Sean has called the decision to close Asian Network as 'messed up'
Singer Jay Sean has led the calls for the BBC to change its mind about the closure of the Asian Network.
The British-born star, who scored a US number one last year, said the station was an early champion of his music.
"I can't believe they're trying to shut it down," he wrote on Twitter. "This is crazy. We (Asians) have no mainstream platforms as it is."
The proposed closure is part of a strategic review of the BBC's services, announced on Tuesday.
The plans would also see the closure of 6 Music, half of the corporation's websites and teen services Switch and Blast.
There will be a public consultation on the proposals before they are approved.
A high-profile campaign to save 6 Music was set up after details were leaked last week, but there are also growing protests over Asian Network's demise.
Sunny Hundal, editor of Asians in Media, said on his blog: "Axing Asian Network would kill off vital media space for a lot of British Asian content and culture (documentaries, fusion music) which does not get represented on commercial alternatives.
"It is within the BBC's remit to represent and give a platform to minority interests that need a mainstream platform to develop and grow."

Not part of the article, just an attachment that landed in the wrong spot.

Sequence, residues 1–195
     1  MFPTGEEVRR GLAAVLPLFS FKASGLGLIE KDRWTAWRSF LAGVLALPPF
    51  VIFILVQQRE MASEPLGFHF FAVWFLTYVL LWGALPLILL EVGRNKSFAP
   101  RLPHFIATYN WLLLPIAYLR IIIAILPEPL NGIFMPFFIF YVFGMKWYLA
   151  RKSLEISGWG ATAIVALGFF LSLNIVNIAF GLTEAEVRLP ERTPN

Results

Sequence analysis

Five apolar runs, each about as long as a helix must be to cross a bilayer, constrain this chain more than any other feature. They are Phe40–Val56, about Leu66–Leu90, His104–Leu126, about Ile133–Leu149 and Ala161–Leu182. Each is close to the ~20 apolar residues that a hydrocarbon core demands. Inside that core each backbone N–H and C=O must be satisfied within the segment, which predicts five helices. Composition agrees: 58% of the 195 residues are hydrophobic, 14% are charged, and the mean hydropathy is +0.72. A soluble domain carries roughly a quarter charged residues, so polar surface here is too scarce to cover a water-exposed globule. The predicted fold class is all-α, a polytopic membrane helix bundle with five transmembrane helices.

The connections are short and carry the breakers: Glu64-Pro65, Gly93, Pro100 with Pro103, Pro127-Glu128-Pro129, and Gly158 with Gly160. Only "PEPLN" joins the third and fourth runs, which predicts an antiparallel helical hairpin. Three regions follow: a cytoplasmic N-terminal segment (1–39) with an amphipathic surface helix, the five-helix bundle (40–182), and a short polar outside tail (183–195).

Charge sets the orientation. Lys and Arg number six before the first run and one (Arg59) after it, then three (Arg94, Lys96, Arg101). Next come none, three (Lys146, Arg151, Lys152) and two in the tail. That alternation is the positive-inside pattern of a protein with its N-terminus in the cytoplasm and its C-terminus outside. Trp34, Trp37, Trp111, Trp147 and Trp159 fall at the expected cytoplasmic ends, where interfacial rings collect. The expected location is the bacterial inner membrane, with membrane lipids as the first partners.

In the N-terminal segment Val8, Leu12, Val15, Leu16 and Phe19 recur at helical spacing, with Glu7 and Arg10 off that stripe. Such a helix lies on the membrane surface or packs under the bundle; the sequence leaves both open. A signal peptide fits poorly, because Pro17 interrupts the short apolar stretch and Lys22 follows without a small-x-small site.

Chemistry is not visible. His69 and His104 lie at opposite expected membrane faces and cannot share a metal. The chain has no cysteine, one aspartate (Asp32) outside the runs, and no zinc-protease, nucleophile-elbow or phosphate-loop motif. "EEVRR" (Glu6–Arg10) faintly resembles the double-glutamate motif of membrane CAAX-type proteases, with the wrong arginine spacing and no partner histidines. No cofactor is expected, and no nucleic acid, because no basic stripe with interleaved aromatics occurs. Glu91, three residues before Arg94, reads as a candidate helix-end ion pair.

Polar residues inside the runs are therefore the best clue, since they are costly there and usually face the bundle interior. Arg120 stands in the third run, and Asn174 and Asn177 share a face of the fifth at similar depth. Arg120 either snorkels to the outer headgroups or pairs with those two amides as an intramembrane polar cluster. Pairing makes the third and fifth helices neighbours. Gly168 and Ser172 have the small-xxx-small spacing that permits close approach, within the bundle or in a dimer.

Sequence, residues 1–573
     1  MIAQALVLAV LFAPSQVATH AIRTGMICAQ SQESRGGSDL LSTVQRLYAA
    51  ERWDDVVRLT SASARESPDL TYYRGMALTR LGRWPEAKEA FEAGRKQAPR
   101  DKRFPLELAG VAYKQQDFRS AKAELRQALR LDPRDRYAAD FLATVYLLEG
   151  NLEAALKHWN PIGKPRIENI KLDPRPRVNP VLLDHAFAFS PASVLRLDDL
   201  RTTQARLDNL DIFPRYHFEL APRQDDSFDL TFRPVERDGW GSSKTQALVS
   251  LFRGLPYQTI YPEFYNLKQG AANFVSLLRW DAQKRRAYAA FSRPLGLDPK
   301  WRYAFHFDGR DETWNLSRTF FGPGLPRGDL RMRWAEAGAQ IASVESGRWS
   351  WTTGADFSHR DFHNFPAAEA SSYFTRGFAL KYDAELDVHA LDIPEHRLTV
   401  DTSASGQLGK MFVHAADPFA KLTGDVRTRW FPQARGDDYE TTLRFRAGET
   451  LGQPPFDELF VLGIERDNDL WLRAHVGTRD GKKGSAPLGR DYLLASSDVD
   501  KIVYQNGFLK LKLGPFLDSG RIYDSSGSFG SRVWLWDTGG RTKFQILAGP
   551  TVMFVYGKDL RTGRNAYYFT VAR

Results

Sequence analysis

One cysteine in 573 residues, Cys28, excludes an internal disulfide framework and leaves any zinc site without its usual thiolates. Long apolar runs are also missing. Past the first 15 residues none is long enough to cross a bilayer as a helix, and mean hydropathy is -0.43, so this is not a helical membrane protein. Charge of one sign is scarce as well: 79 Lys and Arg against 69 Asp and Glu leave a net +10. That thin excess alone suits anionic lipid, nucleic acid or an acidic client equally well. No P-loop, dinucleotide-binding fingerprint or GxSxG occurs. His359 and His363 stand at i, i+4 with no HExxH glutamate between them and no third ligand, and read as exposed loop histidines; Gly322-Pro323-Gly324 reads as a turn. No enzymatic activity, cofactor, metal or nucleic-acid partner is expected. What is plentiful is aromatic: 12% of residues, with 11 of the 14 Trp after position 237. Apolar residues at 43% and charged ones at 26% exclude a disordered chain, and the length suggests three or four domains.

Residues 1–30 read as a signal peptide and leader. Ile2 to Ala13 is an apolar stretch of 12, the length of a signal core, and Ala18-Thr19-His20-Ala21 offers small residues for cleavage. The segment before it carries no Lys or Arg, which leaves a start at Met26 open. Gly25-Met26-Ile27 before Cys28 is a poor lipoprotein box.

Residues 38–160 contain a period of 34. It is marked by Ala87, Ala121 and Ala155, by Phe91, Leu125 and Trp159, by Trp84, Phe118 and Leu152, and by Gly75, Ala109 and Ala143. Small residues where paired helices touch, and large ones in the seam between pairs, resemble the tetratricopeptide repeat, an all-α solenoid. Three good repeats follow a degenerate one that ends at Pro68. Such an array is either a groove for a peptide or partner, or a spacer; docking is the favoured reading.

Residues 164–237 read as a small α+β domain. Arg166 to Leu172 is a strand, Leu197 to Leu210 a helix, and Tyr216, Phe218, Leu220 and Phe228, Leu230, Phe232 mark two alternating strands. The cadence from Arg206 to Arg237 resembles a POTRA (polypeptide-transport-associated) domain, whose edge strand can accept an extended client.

Scottish music producers Tigerstyle, who are made up of brothers Pops and Raj, expressed similar views.
"I'm devastated," said Pops. "The Asian Network is a prime source for people to hear our music.
"They are the only station that champions our music. All the commercial stations in the UK do not play music from British Asian-born talent.
"British-born artists like us are going to find it very difficult to survive. We've been discussing whether it is even going to be possible to keep going as musicians."
He added: "It's a credit to the Asian Network that it is the only station that discusses things that are from an angle that is relevant from a British-born Asian people.
Bhangra singers Jassi Sidhu and Jaz Dhami echoed Pops' view.
Sidhu said: "If they get rid of Asian Network it will be the final nail in the UK bhangra coffin."
Meanwhile, Jonathan Freedland, a columnist at the Guardian, wrote that the BBC's proposals seemed unjustified.
"The axing of 6 Music and the Asian Network looks so dumb, you almost suspect it's a ruse," he wrote.
"If it's not a stunt, it's hard to explain why the BBC would cut two networks that all but embody the corporation's mission."